A young working girl must suport her family on only five dollars a week. The strain of trying to feed, house and clothe her mother, her father and three brothers finally gets to be too much... See full summary »
In 17th-century France, Father Urbain Grandier seeks to protect the city of Loudun from the corrupt establishment of Cardinal Richelieu. Hysteria occurs within the city when he is accused of witchcraft by a sexually repressed nun.
Two peasant children, Mytyl and Tyltyl, are led by Berylune, a fairy, to search for the Blue Bird of Happiness. Berylune gives Tyltyl a cap with a diamond setting, and when Tyltyl turns the... See full summary »
Edwin E. Reed
Restored in 2015 from 35mm print held by BFI and 16mm print from New York Public Library. See more »
During Fenella and Alphonso's romantic interlude on the beach, a modern clapboard structure with a shingled roof and double-hung windows, is visible amid structures that match the village set. See more »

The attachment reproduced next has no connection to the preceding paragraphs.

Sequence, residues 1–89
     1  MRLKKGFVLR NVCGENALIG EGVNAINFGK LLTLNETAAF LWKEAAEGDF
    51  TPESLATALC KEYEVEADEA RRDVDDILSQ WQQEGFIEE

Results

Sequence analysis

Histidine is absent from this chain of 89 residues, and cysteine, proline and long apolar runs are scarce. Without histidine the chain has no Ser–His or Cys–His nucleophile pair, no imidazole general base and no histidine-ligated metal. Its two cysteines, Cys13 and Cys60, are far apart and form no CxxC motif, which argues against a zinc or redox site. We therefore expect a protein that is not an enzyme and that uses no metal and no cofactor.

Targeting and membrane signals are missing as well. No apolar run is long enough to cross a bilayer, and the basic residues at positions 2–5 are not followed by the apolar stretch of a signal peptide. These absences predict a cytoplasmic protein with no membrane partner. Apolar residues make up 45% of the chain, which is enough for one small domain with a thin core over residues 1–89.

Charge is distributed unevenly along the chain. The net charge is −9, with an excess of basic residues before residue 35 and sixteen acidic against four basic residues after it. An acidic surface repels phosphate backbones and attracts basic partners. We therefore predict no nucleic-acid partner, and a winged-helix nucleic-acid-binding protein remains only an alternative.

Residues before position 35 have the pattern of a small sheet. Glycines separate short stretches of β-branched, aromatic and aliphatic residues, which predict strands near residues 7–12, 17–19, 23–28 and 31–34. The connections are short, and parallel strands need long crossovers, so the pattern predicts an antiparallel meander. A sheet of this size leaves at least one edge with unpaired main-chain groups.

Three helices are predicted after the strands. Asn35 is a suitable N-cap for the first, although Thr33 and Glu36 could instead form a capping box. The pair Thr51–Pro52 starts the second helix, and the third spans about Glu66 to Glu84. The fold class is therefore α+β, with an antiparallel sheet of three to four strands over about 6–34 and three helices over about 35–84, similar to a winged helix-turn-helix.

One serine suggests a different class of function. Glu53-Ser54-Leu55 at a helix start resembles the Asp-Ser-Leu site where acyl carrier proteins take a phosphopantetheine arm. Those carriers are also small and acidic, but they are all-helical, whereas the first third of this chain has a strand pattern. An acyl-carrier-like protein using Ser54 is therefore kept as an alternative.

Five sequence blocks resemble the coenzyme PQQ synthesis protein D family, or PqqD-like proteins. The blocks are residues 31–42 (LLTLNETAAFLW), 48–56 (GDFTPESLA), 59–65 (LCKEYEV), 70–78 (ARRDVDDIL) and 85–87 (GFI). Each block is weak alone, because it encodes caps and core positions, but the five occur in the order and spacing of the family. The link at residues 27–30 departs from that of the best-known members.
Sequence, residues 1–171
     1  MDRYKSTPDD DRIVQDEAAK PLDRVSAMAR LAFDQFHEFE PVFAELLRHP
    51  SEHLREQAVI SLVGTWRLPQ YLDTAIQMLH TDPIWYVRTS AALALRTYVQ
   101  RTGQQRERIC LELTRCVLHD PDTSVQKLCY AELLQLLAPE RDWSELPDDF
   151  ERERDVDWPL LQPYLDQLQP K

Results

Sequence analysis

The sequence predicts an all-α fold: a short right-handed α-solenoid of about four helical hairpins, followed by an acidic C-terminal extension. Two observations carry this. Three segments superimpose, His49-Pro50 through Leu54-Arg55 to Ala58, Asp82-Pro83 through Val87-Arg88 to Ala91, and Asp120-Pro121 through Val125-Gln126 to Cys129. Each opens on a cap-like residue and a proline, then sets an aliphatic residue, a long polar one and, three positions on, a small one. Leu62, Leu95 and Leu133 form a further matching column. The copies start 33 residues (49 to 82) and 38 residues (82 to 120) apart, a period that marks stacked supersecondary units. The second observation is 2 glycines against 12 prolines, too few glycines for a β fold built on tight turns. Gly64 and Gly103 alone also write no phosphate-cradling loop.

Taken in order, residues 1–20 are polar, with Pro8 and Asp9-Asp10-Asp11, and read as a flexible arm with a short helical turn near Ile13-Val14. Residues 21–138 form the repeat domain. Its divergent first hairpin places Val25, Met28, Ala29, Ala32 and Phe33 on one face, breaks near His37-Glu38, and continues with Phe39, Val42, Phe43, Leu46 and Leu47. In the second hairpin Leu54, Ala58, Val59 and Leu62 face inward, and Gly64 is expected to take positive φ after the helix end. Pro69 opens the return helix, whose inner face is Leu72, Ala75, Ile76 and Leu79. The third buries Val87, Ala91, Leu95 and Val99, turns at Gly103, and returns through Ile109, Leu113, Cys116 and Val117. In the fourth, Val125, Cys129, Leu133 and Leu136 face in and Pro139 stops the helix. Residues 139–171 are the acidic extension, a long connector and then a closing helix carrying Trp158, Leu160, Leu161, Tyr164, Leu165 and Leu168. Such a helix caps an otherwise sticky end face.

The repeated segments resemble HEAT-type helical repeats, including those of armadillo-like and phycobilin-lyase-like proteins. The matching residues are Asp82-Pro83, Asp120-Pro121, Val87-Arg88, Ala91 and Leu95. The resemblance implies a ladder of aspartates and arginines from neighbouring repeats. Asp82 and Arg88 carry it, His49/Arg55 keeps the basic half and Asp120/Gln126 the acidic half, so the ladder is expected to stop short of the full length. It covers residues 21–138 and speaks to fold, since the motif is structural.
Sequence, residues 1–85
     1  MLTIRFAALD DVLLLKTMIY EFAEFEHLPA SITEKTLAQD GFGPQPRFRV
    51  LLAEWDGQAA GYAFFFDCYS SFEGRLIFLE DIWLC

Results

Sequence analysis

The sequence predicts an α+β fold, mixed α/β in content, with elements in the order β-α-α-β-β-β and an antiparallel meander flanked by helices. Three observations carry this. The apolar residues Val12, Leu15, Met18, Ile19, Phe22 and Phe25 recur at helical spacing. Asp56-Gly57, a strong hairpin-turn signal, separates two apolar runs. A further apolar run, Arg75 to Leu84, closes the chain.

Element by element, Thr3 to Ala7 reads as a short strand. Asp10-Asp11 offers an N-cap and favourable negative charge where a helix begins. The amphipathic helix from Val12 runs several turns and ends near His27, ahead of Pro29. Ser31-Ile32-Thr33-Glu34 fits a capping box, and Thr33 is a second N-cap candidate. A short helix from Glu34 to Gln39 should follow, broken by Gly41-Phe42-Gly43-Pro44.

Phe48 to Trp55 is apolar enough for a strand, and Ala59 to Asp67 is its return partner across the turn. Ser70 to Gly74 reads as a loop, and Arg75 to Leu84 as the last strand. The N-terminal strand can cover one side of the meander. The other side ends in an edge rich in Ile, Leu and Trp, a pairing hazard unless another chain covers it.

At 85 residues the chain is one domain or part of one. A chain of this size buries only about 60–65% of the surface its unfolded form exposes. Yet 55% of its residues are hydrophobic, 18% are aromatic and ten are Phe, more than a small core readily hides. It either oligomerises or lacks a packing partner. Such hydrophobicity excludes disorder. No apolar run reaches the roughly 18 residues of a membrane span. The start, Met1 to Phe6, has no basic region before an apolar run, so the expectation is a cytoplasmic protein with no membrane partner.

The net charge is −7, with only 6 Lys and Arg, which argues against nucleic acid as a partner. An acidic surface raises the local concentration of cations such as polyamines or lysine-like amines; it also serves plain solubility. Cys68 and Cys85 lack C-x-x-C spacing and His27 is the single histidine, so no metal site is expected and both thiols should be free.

The Dumb Girl of Portici is based on an Auber & Scribe opera, but obviously as a silent film the music isn't there to help it out. It is filmed mostly in long shots and is a long, long, long movie to watch. Pavlova's graceful movements keeps her going from one end of the frame to the other, but she is acting, not dancing. The camera is placed so far away from Pavlova that it is difficult to evaluate the quality of her performance in the title role. The sets and scenery, however, are truly impressive, though the preservation print that survives on this title is a bit dark and grainy. What is most amazing about The Dumb Girl of Portici is that director/writer Lois Weber was able to command such expensive resources to get this made, as it is both conceived and executed on an epic scale. You go girl!
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